CINCINNATI -- There's a lot going on around the intersection of Warsaw and Woodlawn avenues in East Price Hill.
Aside from multiple retail storefronts, the Ohio Bureau of Motor Vehicles and the Salvation Army are only a few hundred feet away. St. Lawrence Church -- the neighborhood's oldest Catholic parish -- and its elementary school are within blocks. The Price Hill branch of the Cincinnati and Hamilton County Public Library as well as the Price Hill Recreation Center are just a few blocks in the other direction.
The newly renovated Olden Recreation Area sits right at Warsaw and Woodlawn.
That's why it's one of the first intersections that will get upgrades, thanks to a newly budgeted $500,000 of city funds aimed exclusively at improving pedestrian safety throughout the city.
For Tom Gamel -- who heads up the East Price Hill Improvement Association -- the neighborhood being walkable and pedestrian-friendly is critical to its vibrancy.
"Whenever you have a business district like Warsaw, if you want to have a good housing stock around it, you want to make it a place where it's easy for people to walk to those stores and shop," Gamel said. "In order to build up your business, you have to have safety.
"That's one of our goals: to make a safe, walkable neighborhood."
While the Warsaw corridor is one of the city's biggest business districts, Gamel said, the West Side neighborhood as a whole is chiefly residential, at about 85 percent residences.
"If you look at the volume of people who cross the street on Warsaw, it has to be one of the highest areas," he said.
Warsaw also sees some of the heaviest auto-traffic volume in the city, running through the heart of the West Side and serving as one of the major arteries connecting Downtown -- the city's biggest job center -- with the city's western neighborhoods, where the majority of the population resides.
It's not just about safety while crossing the street, though, Gamel said.
"It's not just crossing the streets, but also safety in terms of being able to walk the streets at night and not having to worry about any potential criminal activity," he said.
That's why his team has been talking with the city about improving lighting and installing additional cameras along Warsaw.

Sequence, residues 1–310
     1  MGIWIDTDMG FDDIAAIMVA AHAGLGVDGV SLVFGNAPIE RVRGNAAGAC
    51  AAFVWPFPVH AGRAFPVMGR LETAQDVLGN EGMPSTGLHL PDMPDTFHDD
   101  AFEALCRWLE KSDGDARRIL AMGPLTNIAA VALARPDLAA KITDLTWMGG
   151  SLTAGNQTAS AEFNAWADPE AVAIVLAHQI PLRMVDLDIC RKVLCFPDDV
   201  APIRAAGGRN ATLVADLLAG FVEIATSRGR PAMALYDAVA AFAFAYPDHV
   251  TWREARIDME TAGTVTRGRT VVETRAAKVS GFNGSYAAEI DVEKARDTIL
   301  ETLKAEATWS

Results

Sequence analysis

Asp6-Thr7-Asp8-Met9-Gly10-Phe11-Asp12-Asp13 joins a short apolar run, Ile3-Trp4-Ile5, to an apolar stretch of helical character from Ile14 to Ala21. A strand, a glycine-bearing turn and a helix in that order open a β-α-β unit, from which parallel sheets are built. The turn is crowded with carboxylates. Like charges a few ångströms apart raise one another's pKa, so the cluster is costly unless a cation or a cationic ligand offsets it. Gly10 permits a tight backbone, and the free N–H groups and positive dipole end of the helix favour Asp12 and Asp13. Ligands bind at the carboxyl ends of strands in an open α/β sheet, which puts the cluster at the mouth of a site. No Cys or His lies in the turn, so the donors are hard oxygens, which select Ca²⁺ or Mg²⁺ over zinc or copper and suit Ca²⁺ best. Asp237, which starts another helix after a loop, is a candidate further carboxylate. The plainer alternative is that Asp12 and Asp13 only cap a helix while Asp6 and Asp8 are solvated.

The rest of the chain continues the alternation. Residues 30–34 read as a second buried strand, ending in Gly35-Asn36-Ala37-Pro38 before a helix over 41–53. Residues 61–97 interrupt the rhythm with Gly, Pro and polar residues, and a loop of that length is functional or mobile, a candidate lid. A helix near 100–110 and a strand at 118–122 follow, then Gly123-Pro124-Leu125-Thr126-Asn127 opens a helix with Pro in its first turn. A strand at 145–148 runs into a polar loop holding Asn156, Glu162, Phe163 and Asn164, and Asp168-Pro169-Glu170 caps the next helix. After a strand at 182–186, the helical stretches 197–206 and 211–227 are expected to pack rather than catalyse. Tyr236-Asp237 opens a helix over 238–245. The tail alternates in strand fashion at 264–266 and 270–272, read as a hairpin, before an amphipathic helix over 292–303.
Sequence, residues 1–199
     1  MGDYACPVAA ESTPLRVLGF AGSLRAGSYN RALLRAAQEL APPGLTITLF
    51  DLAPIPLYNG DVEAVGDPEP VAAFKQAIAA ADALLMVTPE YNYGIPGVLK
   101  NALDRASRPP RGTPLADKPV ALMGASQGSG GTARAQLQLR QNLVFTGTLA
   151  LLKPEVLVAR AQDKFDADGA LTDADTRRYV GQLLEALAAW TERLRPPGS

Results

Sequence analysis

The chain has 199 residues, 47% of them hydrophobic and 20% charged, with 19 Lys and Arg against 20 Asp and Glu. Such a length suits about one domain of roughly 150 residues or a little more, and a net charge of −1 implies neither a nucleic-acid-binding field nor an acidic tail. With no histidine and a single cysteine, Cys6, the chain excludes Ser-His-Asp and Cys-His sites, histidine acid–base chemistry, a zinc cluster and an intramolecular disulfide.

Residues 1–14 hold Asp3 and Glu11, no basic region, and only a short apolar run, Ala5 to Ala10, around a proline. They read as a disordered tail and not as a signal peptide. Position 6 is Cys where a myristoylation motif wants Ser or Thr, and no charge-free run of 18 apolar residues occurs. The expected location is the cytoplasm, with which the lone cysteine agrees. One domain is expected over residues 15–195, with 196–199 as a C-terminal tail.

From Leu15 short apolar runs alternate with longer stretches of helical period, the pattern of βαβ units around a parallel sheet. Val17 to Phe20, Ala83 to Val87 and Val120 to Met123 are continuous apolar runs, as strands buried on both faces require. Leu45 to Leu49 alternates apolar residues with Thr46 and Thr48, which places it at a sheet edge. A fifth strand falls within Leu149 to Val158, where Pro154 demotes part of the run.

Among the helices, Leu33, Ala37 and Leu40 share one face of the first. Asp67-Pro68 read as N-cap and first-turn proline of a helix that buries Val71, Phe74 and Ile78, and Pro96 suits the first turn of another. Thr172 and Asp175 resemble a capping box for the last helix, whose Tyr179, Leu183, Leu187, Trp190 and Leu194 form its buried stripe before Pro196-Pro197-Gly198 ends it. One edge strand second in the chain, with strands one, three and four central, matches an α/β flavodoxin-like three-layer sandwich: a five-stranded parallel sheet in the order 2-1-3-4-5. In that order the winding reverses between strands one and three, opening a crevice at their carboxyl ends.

The irony about cameras, though, is that they can become ineffective due to another street-calming measure -- planting curbside trees.
"One of the difficulties with cameras is trees, and having trees trimmed so that the camera can pick up what's going on," Gamel said. Some of the trees along Warsaw haven't been tended to, he said.
"We all like trees in our neighborhood, and they serve a good purpose, but if they're not maintained it creates more of a problem."
While the city hasn't announced specific plans improving these intersections on Warsaw, measures taken in the recent past include painting a new crosswalk at Hamilton and Palm avenues in Northside, as well as a center-lane pedestrian yield sign on Sycamore Street just outside Ziegler Park in Over-the-Rhine.
DOTE Director Michael Moore said during Monday's Neighborhoods Committee meeting that the city intends to install two more such signs on Hamilton Avenue at Lingo Street and on Chase Avenue and Cherry Street.
Gamel said he hopes Warsaw Avenue can eventually see even more.
"We want these crosswalks to be lit up," he said. "Maybe we could reduce to one lane going east, one going west and then parking on either side."
For now, though, pedestrians should use extra caution when crossing Warsaw, Gamel said, especially during rush hour.
"Around four or five o'clock, it's crazy."
Pat LaFleur reports on transportation and mobility for WCPO. Connect with him on Twitter (@pat_laFleur) and on Facebook.